Is Islam the Enemy?

Tragically, a Christian Aid worker was killed by the Taliban in Afghanistan on Monday. Gayle Williams, a 34 year old South African, had been serving impoverished and disabled children through SERVE (Serving Emergency Relief and Vocational Enterprises) for the past couple of years.  Ironically, she had recently moved to Kabul from Kandahar since it was perceived as a safer place to be.

The Muslim extremists who took responsibility for her murder claimed they were justified since she was trying to convert Muslims to Christianity.  SERVE denies this accusation emphasizing their work serving those too often overlooked.  From their website:

“SERVE Afghanistan’s purpose is to express God’s love and bring hope by serving the people of Afghanistan, especially the needy, as we seek to address personal, social and environmental needs.”

So many tragic thoughts go through my mind:

The tragedy of a lost life – a woman who was still so young and so willing to risk her life for an oppressed people.  There aren’t enough Gayle Williams-type people in this world.

The tragedy of everyday life for the women and children who suffer from poverty and disability in Afghanistan.  They have lost an advocate.

The tragedy in places across the world that do not offer freedom of religion.  Around the world, people are told what they can believe and what they must do.  Freedom is such a gift and should never be taken for granted.

The tragedy of well-meaning people who stereotype all Muslims as extremists.  Such a tiny % of Muslims would strap a bomb to their waist to kill innocent civilians, yet too many of us see all of Islam as the enemy.

A year or so ago I was having an honest conversation with a Christian leader who pushed back in our conversation as I told him about the importance of loving, serving, and even reaching out to Muslims (see my story about “Kidnapping a Muslim”).  Frustrated with me, he asked: “If Muslims are training their children to kill our kids, shouldn’t we be training ours to do the same?!?”

The simple answer: “No.”

We cannot give into hate.  We cannot lower ourselves to the lowest level of humanity as these terrorists have done.

Gayle Williams risked her life and ultimately gave her life loving and serving people who needed her help.  The Muslim families she served didn’t kill her – terrorists did.

Peace loving countries need to defeat the terrorists who seek to destroy the freedom of others by killing others, creating fear in others, and imposing their beliefs on others.

Those of us who have freedom need to thank God for those willing to give their lives protecting our freedom – including the Muslim soldiers fighting for our country like Specialist Kareem Rashad Sultan Khan.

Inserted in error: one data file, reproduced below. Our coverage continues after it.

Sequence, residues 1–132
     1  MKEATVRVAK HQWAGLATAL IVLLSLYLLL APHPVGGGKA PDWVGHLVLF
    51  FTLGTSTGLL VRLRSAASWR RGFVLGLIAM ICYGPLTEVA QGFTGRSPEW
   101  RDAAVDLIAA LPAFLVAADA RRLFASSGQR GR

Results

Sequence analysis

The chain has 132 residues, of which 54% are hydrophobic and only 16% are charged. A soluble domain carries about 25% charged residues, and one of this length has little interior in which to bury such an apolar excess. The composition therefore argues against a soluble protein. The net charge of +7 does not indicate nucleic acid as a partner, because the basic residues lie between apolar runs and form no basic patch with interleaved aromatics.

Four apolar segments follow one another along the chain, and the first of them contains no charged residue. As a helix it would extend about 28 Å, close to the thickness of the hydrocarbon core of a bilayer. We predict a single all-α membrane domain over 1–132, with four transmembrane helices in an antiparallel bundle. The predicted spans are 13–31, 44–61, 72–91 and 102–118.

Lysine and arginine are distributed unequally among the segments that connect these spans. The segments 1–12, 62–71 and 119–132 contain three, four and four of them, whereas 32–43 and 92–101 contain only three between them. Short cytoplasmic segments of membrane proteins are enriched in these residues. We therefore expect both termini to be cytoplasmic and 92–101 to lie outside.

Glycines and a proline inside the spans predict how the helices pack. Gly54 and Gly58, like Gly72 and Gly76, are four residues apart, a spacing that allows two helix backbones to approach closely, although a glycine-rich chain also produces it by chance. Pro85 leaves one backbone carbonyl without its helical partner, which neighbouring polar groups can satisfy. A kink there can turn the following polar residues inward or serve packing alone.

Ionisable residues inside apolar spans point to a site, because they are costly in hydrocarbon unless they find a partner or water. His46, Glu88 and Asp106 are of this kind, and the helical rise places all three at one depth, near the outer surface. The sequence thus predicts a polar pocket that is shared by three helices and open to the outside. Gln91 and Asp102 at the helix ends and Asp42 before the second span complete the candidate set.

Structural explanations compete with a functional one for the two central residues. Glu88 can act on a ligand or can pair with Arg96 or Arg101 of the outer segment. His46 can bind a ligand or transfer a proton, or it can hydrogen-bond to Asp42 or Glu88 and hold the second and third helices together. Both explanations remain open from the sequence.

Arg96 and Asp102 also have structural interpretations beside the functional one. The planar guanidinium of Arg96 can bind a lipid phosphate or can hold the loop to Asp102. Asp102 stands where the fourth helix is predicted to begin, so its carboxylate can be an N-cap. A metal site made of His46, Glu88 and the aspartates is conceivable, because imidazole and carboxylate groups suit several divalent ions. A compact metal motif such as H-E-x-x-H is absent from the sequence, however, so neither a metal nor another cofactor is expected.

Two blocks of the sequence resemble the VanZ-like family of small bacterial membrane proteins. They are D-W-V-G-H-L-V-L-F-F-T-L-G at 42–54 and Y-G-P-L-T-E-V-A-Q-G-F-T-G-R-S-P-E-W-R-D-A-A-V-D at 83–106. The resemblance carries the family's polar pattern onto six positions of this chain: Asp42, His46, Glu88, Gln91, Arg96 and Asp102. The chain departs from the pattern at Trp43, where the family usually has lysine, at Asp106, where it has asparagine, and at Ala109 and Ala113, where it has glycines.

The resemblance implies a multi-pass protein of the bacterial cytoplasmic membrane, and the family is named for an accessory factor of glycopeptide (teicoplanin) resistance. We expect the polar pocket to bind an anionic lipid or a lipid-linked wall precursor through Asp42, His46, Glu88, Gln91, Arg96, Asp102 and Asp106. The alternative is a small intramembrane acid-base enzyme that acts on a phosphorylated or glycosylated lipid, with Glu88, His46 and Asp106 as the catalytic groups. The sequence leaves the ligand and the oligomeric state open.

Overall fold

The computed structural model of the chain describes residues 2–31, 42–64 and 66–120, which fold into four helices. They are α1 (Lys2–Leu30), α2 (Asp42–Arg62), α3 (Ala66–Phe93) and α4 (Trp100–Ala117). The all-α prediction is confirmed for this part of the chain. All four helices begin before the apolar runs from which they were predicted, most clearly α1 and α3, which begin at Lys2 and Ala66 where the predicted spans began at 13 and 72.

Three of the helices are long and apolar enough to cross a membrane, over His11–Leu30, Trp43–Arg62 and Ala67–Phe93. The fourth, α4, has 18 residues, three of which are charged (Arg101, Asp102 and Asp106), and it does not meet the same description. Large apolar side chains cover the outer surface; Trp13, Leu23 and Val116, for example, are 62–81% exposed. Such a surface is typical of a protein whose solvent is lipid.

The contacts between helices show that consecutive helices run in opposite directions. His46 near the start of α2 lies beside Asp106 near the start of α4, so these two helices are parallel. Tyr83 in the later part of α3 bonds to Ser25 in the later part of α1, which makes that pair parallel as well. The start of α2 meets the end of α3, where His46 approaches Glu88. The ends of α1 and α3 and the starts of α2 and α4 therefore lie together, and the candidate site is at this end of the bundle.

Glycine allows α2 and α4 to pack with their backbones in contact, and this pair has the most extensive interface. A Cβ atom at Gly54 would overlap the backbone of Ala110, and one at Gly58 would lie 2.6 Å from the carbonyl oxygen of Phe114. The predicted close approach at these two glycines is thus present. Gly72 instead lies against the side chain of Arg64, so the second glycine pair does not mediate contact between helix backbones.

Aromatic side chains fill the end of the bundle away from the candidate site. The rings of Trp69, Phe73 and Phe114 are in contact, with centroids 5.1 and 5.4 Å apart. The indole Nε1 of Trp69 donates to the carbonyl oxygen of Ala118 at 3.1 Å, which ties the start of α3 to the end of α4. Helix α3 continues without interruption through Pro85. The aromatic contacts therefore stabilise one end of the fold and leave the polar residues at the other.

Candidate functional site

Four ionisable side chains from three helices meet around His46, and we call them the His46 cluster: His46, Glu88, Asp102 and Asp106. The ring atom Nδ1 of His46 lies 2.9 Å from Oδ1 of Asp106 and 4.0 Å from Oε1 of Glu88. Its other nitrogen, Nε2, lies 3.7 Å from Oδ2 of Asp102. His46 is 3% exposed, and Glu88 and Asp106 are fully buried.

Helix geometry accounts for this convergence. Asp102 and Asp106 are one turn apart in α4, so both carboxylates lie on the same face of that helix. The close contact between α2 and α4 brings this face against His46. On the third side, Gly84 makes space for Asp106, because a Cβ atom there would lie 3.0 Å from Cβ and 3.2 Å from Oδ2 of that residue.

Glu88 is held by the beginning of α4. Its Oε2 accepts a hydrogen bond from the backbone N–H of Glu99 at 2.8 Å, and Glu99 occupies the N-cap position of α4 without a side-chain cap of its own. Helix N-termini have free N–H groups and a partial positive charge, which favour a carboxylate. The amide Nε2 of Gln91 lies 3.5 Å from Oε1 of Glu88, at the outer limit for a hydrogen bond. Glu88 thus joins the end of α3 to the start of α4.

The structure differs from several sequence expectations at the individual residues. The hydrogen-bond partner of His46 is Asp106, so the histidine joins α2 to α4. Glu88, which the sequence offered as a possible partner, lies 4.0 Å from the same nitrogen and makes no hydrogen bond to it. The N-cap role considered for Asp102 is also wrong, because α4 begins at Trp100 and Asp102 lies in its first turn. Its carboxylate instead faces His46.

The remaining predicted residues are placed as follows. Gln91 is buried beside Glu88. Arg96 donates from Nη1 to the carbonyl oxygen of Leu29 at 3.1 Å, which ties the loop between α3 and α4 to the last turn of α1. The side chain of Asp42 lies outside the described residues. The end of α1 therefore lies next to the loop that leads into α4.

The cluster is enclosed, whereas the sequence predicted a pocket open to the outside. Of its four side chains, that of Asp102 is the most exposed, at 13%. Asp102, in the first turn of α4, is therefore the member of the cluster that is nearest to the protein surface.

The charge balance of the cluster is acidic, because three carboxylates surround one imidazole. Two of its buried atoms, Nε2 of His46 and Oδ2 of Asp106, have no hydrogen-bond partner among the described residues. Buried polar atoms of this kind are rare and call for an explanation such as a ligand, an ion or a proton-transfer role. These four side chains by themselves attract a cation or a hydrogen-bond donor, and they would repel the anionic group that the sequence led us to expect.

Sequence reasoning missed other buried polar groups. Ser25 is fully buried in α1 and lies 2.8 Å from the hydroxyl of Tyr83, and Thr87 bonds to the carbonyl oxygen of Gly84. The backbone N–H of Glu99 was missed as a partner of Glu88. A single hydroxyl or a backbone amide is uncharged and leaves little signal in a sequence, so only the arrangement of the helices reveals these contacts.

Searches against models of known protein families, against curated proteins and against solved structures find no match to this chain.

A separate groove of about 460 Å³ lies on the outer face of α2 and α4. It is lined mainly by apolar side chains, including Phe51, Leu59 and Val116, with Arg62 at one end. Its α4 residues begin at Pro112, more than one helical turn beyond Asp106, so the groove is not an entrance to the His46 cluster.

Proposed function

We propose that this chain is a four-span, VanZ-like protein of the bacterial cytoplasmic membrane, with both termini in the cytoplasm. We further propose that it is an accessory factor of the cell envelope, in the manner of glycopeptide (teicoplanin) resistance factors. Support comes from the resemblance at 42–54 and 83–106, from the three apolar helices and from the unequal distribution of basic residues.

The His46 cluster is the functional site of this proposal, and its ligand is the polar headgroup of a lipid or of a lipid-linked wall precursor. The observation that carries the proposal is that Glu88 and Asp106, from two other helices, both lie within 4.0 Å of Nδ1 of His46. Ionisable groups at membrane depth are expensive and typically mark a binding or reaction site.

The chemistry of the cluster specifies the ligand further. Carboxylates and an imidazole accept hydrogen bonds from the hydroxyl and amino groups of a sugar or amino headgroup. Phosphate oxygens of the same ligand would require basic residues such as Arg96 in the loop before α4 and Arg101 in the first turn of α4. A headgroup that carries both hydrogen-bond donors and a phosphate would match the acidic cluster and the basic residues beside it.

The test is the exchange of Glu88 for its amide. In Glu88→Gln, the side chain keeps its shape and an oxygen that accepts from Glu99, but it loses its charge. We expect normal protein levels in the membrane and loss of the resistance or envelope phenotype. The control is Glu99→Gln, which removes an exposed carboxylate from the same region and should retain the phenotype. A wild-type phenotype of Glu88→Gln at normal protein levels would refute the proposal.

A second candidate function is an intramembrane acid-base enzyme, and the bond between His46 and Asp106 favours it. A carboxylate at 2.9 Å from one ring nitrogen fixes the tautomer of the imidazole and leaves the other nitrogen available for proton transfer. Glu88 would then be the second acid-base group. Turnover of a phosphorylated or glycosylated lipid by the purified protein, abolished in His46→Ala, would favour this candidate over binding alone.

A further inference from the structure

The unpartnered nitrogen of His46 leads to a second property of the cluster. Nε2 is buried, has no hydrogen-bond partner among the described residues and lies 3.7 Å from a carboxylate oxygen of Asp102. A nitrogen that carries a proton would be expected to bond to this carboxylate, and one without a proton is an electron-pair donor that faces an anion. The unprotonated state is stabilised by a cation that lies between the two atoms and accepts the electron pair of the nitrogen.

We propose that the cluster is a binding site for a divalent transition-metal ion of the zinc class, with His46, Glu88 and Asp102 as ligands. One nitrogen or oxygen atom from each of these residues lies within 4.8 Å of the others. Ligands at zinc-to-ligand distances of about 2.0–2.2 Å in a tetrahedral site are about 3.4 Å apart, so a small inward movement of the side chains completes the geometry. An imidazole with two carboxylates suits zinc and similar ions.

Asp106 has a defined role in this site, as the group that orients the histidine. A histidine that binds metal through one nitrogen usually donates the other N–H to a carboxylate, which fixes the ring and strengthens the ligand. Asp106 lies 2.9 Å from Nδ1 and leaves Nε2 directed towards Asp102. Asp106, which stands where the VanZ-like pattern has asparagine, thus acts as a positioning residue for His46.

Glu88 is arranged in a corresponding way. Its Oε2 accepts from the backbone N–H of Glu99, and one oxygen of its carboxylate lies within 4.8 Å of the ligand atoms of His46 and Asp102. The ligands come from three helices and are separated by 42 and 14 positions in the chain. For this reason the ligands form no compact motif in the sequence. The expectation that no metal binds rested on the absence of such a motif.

Gayle Williams shed her blood for the people of Afghanistan.  Her willingness to die for people with whom she disagrees speaks volumes to the kind of life we should all aspire to live.

Specialist Khan shed his blood for the people of the USA.  “He wanted to show that not every Muslim was a fanatic and that some would risk their lives for America.” He too died for people who disagree with him and even for those who saw him as the enemy due to his Muslim faith.

May we become people willing to live and even die for those who hate us because we have a God who so loved us….

Showing 5 comments
  • Greg Atkinson

    Great post.

  • Enrique

    If Jesus were physically here, I wonder if He’d ask the church to throw the first stone. It’s amazing that He got along with people who were nothing like Him, but was then despised by those who should have accepted Him.

    About a year ago, my friend mentioned something that stuck in my head. He said the very reason he chose to follow the five pillars of faith instead of Christianity was because of a Christian in his life that didn’t walk their talk. Goes to show that there are also Christian extremists.

    :: sigh ::

    That statement should propel us to find more reason to love and reach out to folks who really need it, not because of personal ideaologies or hidden agendas, but because that’s what we’re called to do.

  • Phil

    Wow, I honestly didn’t think that Christians would think that training their kids to kill was a good thing.

    I’ve been wonderfully impressed with the people I have come into contact with through my job. Some have been wonderful, some haven’t; and while it is possible to get a broad sense of how someone may think through their nationality, it doesn’t necessarily cross into their personality.

    I now know three Iranians. One studying in the UK and planning to go back to Iran, one studying here and hoping to stay (but as an Iranian) another who left the country very quikly in the dead of night and is now a British citizen.

    All of them with very different political views, each one of them lovely. Each one of them loved by God.

    One day they, as I, will be judged. But not by me. In the meantime I’m called to demonstrate to them who Jesus was.

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